There are some advantages to applying Early Decision or Early Action to your top-choice college. However, when developing an application strategy it’s important to know when it’s appropriate to apply in the early round – and when you should hold off.
For many students, one of the main appeals of applying early is receiving an admission decision earlier, typically by December or January. The admission rates in the early application pool also tend to be higher, even though the pool is typically more competitive than the regular round.
However, because the early round is full of extremely competitive applicants, it’s not always the best choice for every student. While it might be tempting to apply early so that you can learn your admissions fate sooner and possibly have the college admissions process completed well before everyone else, it’s not worth going through the process if it doesn’t align with your needs and goals.
What Does Early Action Mean?
Early Action is an application option where students can complete their application by an earlier deadline, usually Nov. 1 or 15, and receive a decision on their admission in mid-December. Early action is similar to Early Decision in that you need to complete your application early, however, unlike Early Decision, Early Action is not binding. Meaning, if you are admitted you are not required to attend. Early Action and Early Decision pools tend to be pretty competitive, as the most high achieving students tend to apply early, so it’s important to be very prepared if you plan to apply in the early round.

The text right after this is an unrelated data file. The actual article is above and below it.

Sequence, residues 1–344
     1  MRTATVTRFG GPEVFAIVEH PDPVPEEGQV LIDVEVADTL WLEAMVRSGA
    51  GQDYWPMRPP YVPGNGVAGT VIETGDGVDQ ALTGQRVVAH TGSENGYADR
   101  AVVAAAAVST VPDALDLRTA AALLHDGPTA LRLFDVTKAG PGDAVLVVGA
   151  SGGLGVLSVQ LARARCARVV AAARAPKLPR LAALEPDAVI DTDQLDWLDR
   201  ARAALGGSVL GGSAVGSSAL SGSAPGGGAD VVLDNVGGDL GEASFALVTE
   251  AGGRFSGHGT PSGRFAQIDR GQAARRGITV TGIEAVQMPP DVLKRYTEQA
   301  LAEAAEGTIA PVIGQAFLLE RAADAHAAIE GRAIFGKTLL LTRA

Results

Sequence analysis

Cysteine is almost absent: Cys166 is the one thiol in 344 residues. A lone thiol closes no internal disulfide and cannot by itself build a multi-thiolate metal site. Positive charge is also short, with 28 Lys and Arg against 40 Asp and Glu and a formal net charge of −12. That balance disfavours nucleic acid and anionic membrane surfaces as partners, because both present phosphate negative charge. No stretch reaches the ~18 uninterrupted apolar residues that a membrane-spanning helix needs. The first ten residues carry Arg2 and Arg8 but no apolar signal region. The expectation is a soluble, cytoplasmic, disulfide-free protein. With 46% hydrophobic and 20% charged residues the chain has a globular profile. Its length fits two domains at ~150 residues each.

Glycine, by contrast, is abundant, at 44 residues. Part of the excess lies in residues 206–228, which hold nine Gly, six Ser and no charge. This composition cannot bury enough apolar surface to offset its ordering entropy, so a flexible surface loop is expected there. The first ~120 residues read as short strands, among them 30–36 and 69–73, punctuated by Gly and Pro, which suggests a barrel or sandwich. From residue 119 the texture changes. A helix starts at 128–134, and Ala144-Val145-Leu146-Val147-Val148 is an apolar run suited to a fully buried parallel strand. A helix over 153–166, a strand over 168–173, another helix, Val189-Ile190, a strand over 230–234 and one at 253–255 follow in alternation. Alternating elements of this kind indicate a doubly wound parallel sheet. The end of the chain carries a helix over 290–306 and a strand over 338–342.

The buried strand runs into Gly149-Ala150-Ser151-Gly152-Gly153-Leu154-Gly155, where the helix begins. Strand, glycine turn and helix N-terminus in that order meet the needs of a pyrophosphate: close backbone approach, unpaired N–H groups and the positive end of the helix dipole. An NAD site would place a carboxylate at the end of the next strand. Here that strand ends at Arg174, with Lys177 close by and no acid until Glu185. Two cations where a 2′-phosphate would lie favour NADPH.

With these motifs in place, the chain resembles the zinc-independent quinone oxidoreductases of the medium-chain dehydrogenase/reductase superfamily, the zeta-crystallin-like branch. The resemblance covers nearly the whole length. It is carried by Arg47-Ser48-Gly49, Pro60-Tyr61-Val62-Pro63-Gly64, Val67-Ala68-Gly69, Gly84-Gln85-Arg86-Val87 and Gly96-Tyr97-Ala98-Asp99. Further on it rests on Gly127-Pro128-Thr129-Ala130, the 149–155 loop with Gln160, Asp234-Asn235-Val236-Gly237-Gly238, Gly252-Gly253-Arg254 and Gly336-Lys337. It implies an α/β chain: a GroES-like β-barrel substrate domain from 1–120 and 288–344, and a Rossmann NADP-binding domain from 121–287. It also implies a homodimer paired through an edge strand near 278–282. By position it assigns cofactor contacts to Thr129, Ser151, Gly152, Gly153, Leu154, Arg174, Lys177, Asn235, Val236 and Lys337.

What Does Regular Decision Mean?
Regular Decision is the regular application deadline, usually Jan. 1. Apply Regular Decision means you are not applying in the early round, and you will receive your admission decision in the spring – usually around late-March into early-April. The Regular Decision pool tends to be larger as this is the general applicant pool for the upcoming year, and often the admit rate is lower in Regular Decision round compared to the Early Decision or Early Action round because of the volume of applications being considered.
Who Should Not Apply Early Action?
Since every applicant is different, there isn’t a one-size-fits-all strategy that will work for every student. In fact, there are a few circumstances where students should reconsider their plans to apply Early Decision or Early Action.
Your Grades Are Not Where They Need To Be
Grades are the most important factor that college admissions officers consider when evaluating applications. It’s necessary to have a strong GPA and junior year performance to be competitive in the early applicant pool. If you struggled a bit during your junior year, you’ll need to improve your grades during the first semester of senior year to show an upward grade trend and improve your chances of admission in the regular round. But waiting to apply Regular Decision is only beneficial if you plan to bring up your grades during the fall. It’s important to have a firm understanding of how your applicant profile stacks up to previously admitted students, and if your grades are not competitive, you may need to reevaluate your college list and application strategy.
You Need To Take the SAT or ACT Again